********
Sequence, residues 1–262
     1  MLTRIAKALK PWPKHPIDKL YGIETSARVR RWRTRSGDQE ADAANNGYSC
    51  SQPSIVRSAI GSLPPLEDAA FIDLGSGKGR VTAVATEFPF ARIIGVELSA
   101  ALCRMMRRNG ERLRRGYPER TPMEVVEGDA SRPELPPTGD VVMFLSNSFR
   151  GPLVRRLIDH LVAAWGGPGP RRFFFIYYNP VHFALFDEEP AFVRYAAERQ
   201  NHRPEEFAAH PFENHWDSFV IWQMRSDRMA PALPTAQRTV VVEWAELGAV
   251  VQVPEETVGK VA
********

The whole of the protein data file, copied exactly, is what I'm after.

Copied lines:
Sequence, residues 1–262
     1  MLTRIAKALK PWPKHPIDKL YGIETSARVR RWRTRSGDQE ADAANNGYSC
    51  SQPSIVRSAI GSLPPLEDAA FIDLGSGKGR VTAVATEFPF ARIIGVELSA
   101  ALCRMMRRNG ERLRRGYPER TPMEVVEGDA SRPELPPTGD VVMFLSNSFR
   151  GPLVRRLIDH LVAAWGGPGP RRFFFIYYNP VHFALFDEEP AFVRYAAERQ
   201  NHRPEEFAAH PFENHWDSFV IWQMRSDRMA PALPTAQRTV VVEWAELGAV
   251  VQVPEETVGK VA